• My 12 yr old is getting conflicting nutrition advice in school and he always asks me if it is right. Luckily he believes me in regards to nutrition. He doesn’t question the teachers or challenge them just waits when he comes home and asks me. In cooking class he told me they are using margarine!!! It does anger me that other kids will take everything teachers say about nutrition as the absolute fact!

  16. Hi Michelle,
    I just wanted to give my thanks for your post, you have really helped me to refocus my own diet. I’ve been eating the same way as you for five months now after probably 10 years of stomach issues caused by junk foods that made me quite miserable.
    I love eating this way now and don’t ever want to change. In the last few weeks though I’ve been really struggling with pressure from other people wanting me to eat the same as them and ‘fit in’ and it’s made me feel terrible both physically and mentally. But you’ve reminded me why I’m doing this in the first place and I shouldn’t let others influence my choices, because in the end I’m the one who suffers. No-one needs junk to be happy as you clearly show 🙂
    Looking forward to your next guest post!

    • M:
      Hi Karen. It’s hard for me at school too. My friends always offer me treats and tempting me. But I say no because I don’t want to have the eczema and sugar crashes. I went to a birthday party yesterday and didn’t have anything with wheat. I had some meatballs on a stick and the inside of a quiche. All the girls were eating pastries and they were hungry and asking for more. But I had some orange juice and an ice-block. When I came home Mum said I was very teary. Then we had some roast beef for dinner and my good mood came back. You have to be tough and even when other people tell you to eat that stuff. Good luck! :))

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  19. Such an interesting post, especially coming from a 9-year-old. She sounds very clever. But I had to react when reading about the food kids eat! I just found this page trough tumblr and therefor I haven’t read anything else on this page (yet) but I am guessing you are from USA or England (because of the English and because of the tea’s). But I am shocked to read that this is what kids are eating in your country! I am lucky enough to come from Sweden and ever since I was a child (20 years ago) the diet of children has been very important here. We get brought up with healthy food even in school, the lunches served here (yes we don’t have to bring out own food and I realize how lucky we are, I just want to show how it can look in another country) are healthy and with salads and vegetables, we learn about the food-plate and to always at every meal make sure we get enough protein, carbs etc. We learn to stay away from sweets etc, a treat may be given on Saturdays which are the “candy-day” The day in the week most people eat a bit of candy, especially children usually don’t get treats the rest of the week (of course this varies but I am speaking of a general picture here in Sweden). Early on in a childs life a dietist is consulted regularly during it’s first years, later school takes over that role and helps to teach them the value of healthy food and an active lifestyle. When I was a child we would have gym-class once a week, now during the last 5-10 years it is in most school once a day. Also at home the children eat healthy thanks to their parents being educated as well since they were young. Like I said of course we have familys that eat unhealthy here too, as in every country. But I am happy to say that here the government and the school system and the medical system ALL take great importance in educating children to the right diet and make sure they keep it, we teach them how important it is to have a healthy lifestyle already before they can walk and talk.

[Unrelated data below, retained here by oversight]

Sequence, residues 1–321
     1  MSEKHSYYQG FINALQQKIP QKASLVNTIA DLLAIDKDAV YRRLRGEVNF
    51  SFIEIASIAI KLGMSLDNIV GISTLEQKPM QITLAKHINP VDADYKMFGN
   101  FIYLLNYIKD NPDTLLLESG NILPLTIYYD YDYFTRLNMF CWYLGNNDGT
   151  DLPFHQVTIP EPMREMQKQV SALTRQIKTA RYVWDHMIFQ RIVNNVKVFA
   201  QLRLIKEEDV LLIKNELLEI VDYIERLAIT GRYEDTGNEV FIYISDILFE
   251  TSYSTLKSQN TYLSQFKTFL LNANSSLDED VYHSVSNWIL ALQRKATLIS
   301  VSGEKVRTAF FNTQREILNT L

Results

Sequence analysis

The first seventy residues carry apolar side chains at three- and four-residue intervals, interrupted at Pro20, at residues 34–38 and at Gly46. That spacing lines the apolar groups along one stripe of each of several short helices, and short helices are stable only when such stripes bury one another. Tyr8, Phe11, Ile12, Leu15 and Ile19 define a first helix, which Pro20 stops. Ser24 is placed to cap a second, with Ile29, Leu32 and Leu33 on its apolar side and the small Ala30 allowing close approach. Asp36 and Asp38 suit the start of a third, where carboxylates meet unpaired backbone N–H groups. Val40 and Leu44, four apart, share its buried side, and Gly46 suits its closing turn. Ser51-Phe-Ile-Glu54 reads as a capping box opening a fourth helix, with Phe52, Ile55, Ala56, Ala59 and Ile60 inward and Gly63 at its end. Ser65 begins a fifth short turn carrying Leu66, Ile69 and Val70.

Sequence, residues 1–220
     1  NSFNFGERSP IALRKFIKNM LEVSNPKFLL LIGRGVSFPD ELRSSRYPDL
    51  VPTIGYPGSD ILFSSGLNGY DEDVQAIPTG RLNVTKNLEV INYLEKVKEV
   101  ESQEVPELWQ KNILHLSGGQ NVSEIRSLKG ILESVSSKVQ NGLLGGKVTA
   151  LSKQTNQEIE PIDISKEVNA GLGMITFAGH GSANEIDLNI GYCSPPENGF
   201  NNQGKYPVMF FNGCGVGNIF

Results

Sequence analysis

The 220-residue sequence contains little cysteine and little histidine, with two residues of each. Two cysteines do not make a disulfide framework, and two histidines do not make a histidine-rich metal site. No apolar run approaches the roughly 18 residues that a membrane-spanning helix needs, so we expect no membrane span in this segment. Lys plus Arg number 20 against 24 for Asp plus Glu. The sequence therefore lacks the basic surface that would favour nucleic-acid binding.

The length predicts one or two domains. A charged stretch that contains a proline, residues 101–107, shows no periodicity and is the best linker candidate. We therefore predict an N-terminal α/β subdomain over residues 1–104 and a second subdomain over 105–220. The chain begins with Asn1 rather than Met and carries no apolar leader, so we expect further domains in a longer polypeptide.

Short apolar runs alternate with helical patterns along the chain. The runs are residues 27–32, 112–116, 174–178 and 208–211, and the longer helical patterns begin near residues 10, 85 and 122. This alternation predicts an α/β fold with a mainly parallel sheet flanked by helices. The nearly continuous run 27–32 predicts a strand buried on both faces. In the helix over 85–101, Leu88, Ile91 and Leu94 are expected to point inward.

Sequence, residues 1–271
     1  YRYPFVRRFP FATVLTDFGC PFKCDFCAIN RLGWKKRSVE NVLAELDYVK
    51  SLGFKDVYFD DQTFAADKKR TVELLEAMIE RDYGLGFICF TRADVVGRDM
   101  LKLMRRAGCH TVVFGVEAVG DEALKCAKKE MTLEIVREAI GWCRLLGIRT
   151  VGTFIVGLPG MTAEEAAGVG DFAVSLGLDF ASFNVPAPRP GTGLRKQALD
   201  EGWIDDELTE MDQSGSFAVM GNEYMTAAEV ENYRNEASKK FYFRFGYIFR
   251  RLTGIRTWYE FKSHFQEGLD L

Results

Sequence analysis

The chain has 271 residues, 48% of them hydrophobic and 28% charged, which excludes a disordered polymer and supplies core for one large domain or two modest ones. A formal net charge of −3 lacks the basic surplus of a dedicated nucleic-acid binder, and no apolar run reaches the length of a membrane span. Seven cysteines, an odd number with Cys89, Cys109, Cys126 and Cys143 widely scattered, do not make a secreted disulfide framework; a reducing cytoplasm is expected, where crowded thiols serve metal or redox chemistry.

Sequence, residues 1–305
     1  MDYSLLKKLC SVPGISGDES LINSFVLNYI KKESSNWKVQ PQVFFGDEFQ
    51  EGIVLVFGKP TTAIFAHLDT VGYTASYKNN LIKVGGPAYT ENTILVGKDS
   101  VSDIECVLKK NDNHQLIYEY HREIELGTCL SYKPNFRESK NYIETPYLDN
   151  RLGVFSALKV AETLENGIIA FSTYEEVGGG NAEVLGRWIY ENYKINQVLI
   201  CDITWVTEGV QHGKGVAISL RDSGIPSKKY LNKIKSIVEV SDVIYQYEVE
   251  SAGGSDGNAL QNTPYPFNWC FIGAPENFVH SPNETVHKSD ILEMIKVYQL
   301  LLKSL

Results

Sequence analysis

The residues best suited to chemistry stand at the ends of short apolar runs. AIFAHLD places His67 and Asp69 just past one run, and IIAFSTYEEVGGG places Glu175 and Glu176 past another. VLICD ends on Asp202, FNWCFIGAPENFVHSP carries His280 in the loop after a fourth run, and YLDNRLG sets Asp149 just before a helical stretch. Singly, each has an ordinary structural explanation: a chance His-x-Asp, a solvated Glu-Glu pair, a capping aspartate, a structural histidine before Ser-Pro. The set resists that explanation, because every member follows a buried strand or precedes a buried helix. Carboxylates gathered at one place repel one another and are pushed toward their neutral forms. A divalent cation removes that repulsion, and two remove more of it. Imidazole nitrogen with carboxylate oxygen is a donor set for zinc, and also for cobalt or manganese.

I don’t mean to be negative about your country, not at all, I just wanted to tell about a different life and culture in my country. I hope you liked my little “essay”.